A large number of people today hold two jobs just to make ends meet. How will the bills get paid if you are injured at one of your jobs?
Workers’ compensation laws in Missouri provide benefits to employees suffering from work-related injuries. Workers may receive two-thirds of their average weekly wage if they are unable to work because of their work-related injuries. However, a large number of people work more than one job. What would happen if they become injured at the first job and are unable to attend their second job? Can they seek additional compensation to cover the lost wages of the second job?
Qualifying for Lost Wage Benefits
Employees with a second job may be eligible to receive workers’ compensation until they are capable of working again. Missouri laws state that wage loss benefits can be collected by an injured employee from the second job even though the injury occurred in the course of the first job. However, lost wage benefits can only be collected from the second job if the employer in the first job is aware of the second job.
For example, a person working at night at a loading dock also has another job as a delivery truck driver for another employer during the day. The person may be injured at night as he unloads boxes, and the doctor tells him his back injury prevents him from lifting or driving. The person needs both the jobs to pay his bills and his injury prevents him from performing either of the jobs until he recovers. If the loading dock employer was aware of the employee’s second job as a delivery truck driver, the employee may include the wages of both jobs to calculate the benefits he can receive. However, if the loading job employer was not aware of the second job, the person cannot collect benefits from his job as a delivery truck driver.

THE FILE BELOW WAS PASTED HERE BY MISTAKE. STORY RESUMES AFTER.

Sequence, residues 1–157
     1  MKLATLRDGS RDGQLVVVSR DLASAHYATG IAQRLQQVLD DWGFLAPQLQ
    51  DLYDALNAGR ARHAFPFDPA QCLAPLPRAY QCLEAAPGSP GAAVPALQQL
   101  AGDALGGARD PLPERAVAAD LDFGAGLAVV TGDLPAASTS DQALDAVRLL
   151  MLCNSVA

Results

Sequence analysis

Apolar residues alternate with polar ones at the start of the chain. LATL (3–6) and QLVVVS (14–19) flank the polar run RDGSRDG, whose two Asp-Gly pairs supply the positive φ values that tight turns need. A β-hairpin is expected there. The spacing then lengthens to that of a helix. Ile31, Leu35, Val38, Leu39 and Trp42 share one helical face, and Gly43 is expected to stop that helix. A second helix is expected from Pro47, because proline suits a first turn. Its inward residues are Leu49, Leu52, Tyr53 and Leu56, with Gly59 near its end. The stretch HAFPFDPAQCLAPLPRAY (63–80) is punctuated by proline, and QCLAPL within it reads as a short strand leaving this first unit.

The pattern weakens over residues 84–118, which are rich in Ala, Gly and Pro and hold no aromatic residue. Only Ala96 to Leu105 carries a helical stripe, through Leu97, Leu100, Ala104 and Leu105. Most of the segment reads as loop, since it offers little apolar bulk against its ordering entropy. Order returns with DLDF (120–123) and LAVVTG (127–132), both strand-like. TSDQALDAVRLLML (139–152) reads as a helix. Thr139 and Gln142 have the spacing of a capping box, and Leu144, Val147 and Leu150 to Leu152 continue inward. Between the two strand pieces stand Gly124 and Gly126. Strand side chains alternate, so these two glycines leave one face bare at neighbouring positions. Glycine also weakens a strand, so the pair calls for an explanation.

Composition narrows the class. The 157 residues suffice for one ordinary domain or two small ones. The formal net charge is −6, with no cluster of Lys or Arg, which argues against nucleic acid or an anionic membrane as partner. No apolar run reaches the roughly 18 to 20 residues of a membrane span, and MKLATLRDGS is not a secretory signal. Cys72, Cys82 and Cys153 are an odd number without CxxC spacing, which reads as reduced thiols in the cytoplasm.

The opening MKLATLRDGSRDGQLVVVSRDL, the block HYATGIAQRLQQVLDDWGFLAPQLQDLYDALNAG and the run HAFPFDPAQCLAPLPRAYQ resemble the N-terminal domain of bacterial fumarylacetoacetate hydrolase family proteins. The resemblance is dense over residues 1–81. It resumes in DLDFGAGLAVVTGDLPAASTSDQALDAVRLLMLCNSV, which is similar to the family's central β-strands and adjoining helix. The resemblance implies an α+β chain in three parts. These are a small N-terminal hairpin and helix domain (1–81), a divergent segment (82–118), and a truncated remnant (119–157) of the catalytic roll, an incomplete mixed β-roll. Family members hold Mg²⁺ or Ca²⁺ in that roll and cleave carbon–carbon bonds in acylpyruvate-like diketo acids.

Who Qualifies for Workers’ Compensation Benefits
It is essential to take into consideration two important details. The first detail to consider is that Missouri workers’ compensation laws cover part-time workers. The second detail to consider is that there is no minimum number of weekly hours for an employee to work for one employer to qualify for the benefits. In contrast, independent contractors are not covered by the workers’ compensation system. It is important for employees to check whether they are actually independent contractors before they withdraw their workers’ compensation claim since some employers may not classify their workers properly. Missouri law does not provide workers’ compensation benefits to voluntary workers.
Consult with a St. Louis Workers’ Compensation Attorney
It is advisable to get the services of a qualified St. Louis workers’ compensation attorney, who can handle all issues relating to the claim, including negotiating with the employer and the insurance company. Employees have a higher chance of receiving all the benefits they are entitled to when they work with an experienced St. Louis workers’ compensation attorney.
Call The Law Office of James M. Hoffmann at (314) 361-4300 for a free consultation.